Traffic that is defined by a class with priority 1 will be given priority over all other traffic. Priority 7 has the lowest priority.

Carefully consider which types of communications are most important. For example, your network may be used for VoIP and video calls. These types of communications need to have high priority as any delayed packets will be discarded leaving users with choppy audio and video.

Also, if you mostly use a VPN after hours, it might make more sense to prioritize VPN below web traffic. Otherwise, when someone does use VPN during work hours and it is prioritized above web traffic, it could negatively impact web traffic performance for many users. In contrast, if most users work from home, then it might make sense for VPN traffic to have a higher priority than web traffic.

Guaranteed and maximum bandwidth

Use Kilobits per second format. Guaranteed bandwidth will reserve a certain amount of your bandwidth to a Class regardless of its priority. In most cases it is good to be conservative so you do not over-commit your available bandwidth. Maximum bandwidth is how much bandwidth you would like the Class to have when there is extra bandwidth available.


This optional field defines the packet size for data that will be sent at the Class maximum bandwidth. When you leave this field blank, IPFire defaults to 1600 bits. Some experimenting with this value (see footnote1) has determined that the default value seems to work best, but you may choose to manually change this. The value you enter should be in kilobytes. So if you wanted a bit value of 5120, you would enter 5 (5 KB = 5120 bits). In other words, divide the bit value by 1024 to get the value you will input.

Ceil Burst

This optional field defines the packet size for data that will be sent at maximum link speed (the downlink and uplink speeds you define at the top of the QoS page). The value also defaults to 1600 bits, which seems to be ideal for most cases (see footnote1 for more discussion).


Type of Service (TOS) lets you define the bits of traffic sent from each class with an IP header value that receiving routers can use to further prioritize traffic. Select the appropriate value from the drop down box.

Option description ToS bit
disabled no special treatment for the packet (0)
minimum costs prioritizes cost-efficient transmission in paid-for based on usage (1)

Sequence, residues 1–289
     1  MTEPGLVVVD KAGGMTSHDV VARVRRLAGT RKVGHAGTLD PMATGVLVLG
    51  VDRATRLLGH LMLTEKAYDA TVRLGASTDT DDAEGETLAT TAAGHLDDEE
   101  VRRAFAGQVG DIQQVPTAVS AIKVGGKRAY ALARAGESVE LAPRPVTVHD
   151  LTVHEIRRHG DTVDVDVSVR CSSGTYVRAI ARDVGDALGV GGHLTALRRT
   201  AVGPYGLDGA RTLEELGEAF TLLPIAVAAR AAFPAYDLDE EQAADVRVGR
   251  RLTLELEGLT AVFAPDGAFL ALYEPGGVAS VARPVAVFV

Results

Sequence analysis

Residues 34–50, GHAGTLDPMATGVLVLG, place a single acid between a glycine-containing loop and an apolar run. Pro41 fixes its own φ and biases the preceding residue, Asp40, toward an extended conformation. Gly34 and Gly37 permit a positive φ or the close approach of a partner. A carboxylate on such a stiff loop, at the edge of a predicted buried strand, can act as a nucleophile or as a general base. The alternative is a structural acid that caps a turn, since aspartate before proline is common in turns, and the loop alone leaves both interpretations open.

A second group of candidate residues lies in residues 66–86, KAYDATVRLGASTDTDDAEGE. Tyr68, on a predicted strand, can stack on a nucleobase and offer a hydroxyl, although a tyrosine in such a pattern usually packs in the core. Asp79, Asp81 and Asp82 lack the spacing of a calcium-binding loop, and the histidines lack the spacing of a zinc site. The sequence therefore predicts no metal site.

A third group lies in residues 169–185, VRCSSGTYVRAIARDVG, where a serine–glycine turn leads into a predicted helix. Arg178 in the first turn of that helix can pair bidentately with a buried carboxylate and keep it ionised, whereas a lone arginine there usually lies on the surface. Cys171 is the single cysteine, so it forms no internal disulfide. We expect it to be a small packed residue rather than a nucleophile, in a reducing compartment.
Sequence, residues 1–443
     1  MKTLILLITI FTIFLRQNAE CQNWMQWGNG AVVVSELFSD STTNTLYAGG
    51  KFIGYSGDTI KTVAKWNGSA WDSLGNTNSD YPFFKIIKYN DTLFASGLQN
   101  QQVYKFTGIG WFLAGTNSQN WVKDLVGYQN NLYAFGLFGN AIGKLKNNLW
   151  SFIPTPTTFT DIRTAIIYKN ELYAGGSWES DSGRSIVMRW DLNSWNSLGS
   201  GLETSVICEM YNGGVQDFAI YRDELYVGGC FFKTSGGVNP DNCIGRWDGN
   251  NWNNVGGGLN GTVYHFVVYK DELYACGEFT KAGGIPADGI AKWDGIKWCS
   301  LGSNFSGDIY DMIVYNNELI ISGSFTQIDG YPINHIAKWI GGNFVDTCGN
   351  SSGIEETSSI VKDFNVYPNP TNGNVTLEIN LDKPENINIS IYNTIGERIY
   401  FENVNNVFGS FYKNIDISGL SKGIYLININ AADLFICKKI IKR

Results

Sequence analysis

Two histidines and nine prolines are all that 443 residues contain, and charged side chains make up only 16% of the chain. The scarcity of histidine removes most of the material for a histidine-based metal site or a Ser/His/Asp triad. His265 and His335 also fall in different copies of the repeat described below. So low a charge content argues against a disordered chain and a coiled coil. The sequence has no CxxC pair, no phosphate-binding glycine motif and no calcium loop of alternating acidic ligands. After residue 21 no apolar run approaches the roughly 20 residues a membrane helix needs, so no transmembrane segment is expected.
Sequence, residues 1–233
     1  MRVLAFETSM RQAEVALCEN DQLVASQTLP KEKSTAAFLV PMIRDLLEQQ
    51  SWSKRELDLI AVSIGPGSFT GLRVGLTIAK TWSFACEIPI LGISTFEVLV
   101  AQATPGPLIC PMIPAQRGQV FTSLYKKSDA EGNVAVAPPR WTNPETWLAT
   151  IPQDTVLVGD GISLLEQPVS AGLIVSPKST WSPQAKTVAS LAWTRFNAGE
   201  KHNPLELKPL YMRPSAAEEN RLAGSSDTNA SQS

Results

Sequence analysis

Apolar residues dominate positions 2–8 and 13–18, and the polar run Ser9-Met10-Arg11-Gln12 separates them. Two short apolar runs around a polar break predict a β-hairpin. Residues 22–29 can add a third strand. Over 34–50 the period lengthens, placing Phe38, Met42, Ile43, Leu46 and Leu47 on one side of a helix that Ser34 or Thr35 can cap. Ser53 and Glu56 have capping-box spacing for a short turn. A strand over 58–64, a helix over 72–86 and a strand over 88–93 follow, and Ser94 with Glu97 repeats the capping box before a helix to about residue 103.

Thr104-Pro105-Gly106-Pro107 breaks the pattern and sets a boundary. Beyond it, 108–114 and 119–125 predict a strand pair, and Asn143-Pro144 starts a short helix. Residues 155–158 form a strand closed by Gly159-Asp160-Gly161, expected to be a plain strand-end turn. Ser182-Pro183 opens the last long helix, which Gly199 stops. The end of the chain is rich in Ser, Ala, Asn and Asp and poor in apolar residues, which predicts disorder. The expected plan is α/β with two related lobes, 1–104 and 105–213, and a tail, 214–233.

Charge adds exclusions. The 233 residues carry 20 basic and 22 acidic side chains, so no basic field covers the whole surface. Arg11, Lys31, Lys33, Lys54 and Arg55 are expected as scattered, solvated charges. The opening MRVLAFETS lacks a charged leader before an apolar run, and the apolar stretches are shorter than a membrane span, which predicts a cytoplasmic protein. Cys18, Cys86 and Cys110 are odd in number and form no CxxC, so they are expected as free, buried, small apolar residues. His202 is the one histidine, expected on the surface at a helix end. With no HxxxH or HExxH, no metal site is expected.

maximum reliability avoid congestion and packet loss (2)
maximum throughput large file transfers or bulk data sharing (4)
minimum delay real-time voice and video communication (8)


  • The graphs on the QoS page display values in kilobytes per second (KB/sec). To convert these values to kilobit per second format, multiply the KB/sec value by 8.
  • Observe the uplink and downlink graphs for a period of days, or even weeks. Note the highest values under the "Maximal" column and use those to help determine your Guaranteed and Maximum bandwidths for each Class. For example, for Class 101 (ACKs) if the highest value ever recorded is 70 KB/sec (560 kbit/sec), then it might make sense to set the guaranteed bandwidth to 500 and the maximum to 600. If you guarantee too much bandwidth to a Class that never uses that much, you end up stealing bandwidth from other Classes.
  • An example configuration is available in footnote2.

Defining class traffic

  • After all classes have been defined, click the Green pencil icon to add a rule for each class
  • Use Port-Rules where possible as they require the least computing power for IPFire to process. These require a knowledge of the protocol and port used by a particular communication and are not ideal for traffic which can use random ports.
    • For Uplink (Upload) rules, specify the Destination Port
    • For Downlink (Download) rules, specify the Source Port
  • Level 7 Rules can be used to catch traffic which use random ports (or if you expect users will try to avoid your Quality of Service rules!)